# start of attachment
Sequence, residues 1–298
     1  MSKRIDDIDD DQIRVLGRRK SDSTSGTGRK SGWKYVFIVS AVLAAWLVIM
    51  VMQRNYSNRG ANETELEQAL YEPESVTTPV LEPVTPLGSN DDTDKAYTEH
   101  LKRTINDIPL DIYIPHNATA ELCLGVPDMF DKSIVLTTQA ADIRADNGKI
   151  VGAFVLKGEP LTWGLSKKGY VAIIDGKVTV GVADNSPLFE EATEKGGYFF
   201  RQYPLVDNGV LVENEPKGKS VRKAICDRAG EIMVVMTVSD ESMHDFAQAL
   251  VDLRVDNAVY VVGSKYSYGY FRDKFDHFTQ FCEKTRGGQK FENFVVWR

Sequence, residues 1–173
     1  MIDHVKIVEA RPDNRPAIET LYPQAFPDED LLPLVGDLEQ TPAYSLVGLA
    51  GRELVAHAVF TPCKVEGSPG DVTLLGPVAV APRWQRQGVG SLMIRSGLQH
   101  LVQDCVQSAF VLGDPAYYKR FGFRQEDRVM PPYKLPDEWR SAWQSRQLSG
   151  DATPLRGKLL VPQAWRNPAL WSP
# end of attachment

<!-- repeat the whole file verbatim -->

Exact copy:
Sequence, residues 1–298
     1  MSKRIDDIDD DQIRVLGRRK SDSTSGTGRK SGWKYVFIVS AVLAAWLVIM
    51  VMQRNYSNRG ANETELEQAL YEPESVTTPV LEPVTPLGSN DDTDKAYTEH
   101  LKRTINDIPL DIYIPHNATA ELCLGVPDMF DKSIVLTTQA ADIRADNGKI
   151  VGAFVLKGEP LTWGLSKKGY VAIIDGKVTV GVADNSPLFE EATEKGGYFF
   201  RQYPLVDNGV LVENEPKGKS VRKAICDRAG EIMVVMTVSD ESMHDFAQAL
   251  VDLRVDNAVY VVGSKYSYGY FRDKFDHFTQ FCEKTRGGQK FENFVVWR

Sequence, residues 1–173
     1  MIDHVKIVEA RPDNRPAIET LYPQAFPDED LLPLVGDLEQ TPAYSLVGLA
    51  GRELVAHAVF TPCKVEGSPG DVTLLGPVAV APRWQRQGVG SLMIRSGLQH
   101  LVQDCVQSAF VLGDPAYYKR FGFRQEDRVM PPYKLPDEWR SAWQSRQLSG
   151  DATPLRGKLL VPQAWRNPAL WSP